Effects of pericarp alpha-amylase activity on wheat (Triticum aestivum) Hagberg falling number

A study which shows that pericarp alpha-amylase from immature seeds in harvested grain may be responsible for the low Hagberg falling number of some wheat crops.

Year of Publication2001

Pericarp alpha-amylase activity in wheat has largely been ignored as a potential cause of low Hagberg falling number (HFN) in the UK, because pericarp alpha-amylase enzymes have been thought too temperature-sensitive to affect HFN and are usually degraded by harvest. Nevertheless, there are several circumstances where immature grains may be present in harvested grain. Therefore, we tested the hypotheses that pericarp alpha-amylase enzymes in immature grains could lower HFN, but also that inactivation of the enzymes during drying and storage could ameliorate the effect. The first hypothesis was tested by addition of large amounts of pericarp alpha-amylase activity from freeze-dried, defrosted or fresh green grains to high HFN flours of low alpha-amylase activity, followed by HFN measurement. Enzyme assay and HFN analysis assessed the effect of drying on pericarp alpha-amylase activity after different storage treatments. Addition of pericarp alpha-amylase, from all three sources, to high HFN flours caused an exponential decrease in HFN. A drop in HFN from over 470 s to below 250 s resulted from addition of 5–10% by weight of green grains. Between 35–70% of the α-AMY-2 activity in immature grains was eliminated by air-drying at 20°C over 8–10 days, although the residual activity could still lower HFN. Thus, pericarp alpha-amylase activity may be a cause of low HFN in some UK wheat crops.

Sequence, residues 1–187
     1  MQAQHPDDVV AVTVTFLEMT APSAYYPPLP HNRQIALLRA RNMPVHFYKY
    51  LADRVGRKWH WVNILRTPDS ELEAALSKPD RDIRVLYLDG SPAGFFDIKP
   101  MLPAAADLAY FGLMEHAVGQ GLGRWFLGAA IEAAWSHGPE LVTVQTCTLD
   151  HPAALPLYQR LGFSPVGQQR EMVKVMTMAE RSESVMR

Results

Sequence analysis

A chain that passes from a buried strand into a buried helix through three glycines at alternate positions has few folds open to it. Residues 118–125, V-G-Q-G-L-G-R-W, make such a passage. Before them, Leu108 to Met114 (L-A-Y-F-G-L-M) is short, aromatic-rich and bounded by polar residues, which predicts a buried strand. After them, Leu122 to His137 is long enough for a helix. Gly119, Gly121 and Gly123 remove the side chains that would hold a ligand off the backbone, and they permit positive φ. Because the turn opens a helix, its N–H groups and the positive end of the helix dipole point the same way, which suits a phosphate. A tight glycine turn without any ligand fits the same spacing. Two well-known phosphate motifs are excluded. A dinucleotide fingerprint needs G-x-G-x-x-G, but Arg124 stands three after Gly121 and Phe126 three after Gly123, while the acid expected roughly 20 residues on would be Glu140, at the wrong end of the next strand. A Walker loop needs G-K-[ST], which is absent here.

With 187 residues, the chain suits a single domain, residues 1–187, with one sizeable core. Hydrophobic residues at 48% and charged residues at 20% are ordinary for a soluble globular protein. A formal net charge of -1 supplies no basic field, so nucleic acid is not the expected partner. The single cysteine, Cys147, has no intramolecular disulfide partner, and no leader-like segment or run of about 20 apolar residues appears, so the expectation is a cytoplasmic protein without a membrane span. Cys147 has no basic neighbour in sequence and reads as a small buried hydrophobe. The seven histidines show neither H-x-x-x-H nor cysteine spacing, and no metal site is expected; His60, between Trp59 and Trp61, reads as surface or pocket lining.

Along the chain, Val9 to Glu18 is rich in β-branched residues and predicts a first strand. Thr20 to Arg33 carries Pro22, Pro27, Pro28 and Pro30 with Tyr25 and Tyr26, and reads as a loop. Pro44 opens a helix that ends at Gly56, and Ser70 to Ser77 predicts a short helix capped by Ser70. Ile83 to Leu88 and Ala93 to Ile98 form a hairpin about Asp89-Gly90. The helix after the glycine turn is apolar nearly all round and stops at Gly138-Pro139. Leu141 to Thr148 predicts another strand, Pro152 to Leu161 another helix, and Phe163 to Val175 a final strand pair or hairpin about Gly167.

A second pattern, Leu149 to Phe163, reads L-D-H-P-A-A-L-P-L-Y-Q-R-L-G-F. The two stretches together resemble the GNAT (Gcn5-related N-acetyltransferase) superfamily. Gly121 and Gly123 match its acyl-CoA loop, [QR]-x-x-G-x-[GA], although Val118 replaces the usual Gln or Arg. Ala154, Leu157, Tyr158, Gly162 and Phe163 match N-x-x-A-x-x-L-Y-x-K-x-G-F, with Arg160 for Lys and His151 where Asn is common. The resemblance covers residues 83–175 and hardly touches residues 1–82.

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crop physiologybread making wheat
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